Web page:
Writing cultural criticism or the “think piece” – worth up to 75 points, repeatable 2x
• A think piece is an article meant to be thought-provoking/to initiate conversation
• It aggregates research from multiple sources
• It analyzes/discusses a cultural concept, usually via pop culture
• It often uses personal narrative or takes a more personal approach
A think piece is similar to an ARP in that it collects research and argues claims. However, it is not academic writing. It does not need to be as rigorously structured, nor does it need to conform to academic standards.
A think piece usually addresses pop culture in a more critical/in-depth way. We tend to consume pop culture passively, but the think piece pushes beyond this passive state.
Often a think piece begins with a question or an experience: “What are we laughing at when we watch [TV Show]?” or “How [TV Show] Changed My Life.”
The writer then seeks out current research––much like in the SSI––and enters the existent conversation.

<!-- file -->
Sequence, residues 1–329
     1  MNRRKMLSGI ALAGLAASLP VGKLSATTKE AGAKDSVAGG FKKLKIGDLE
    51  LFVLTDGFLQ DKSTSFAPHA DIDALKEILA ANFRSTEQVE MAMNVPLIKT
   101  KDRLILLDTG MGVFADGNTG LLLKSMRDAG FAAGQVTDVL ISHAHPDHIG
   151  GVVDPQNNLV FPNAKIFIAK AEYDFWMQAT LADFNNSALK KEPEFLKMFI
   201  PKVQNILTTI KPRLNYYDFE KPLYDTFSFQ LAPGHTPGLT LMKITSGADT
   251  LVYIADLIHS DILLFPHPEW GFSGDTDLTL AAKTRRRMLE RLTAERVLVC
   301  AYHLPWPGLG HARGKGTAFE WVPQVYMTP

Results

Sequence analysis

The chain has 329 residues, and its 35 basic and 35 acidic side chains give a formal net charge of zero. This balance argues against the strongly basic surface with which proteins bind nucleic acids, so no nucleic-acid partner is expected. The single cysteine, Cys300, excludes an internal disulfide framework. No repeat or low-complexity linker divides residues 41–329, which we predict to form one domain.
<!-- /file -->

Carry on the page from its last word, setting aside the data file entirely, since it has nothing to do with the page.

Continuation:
These need not be academic sources––often these are magazine articles, or other comparable articles that are discussing cultural concepts.
Now I want YOU to explore this style of writing, using the skills you’ve learned in the ARP and the information you’ve amassed throughout the class.
Here are some basic guidelines:
• Your article should be 400-600 words. It is important for you to be concise and thoughtful in your word choice. I do not want to see filler in here.
• Your article should have a clear question or experience which it explores. I do not want to be confused about what idea you are exploring.
• Your article should quote 3 secondary sources. These quotes should be short and useful, much like in the SSI.
• You may work with more than one primary source. You do not need to analyze these like we did in the PSA, but you should be specific (for example, what about [TV Show] made you think of [X]?)
• You should create an interesting title and find an accompanying image